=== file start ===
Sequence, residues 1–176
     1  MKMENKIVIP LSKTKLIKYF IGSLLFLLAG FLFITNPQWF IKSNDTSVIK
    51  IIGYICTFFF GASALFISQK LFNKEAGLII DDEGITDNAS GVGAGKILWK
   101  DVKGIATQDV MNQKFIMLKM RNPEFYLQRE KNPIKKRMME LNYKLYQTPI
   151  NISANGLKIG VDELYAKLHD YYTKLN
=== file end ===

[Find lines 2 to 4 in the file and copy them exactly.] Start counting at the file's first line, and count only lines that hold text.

     1  MKMENKIVIP LSKTKLIKYF IGSLLFLLAG FLFITNPQWF IKSNDTSVIK
    51  IIGYICTFFF GASALFISQK LFNKEAGLII DDEGITDNAS GVGAGKILWK
   101  DVKGIATQDV MNQKFIMLKM RNPEFYLQRE KNPIKKRMME LNYKLYQTPI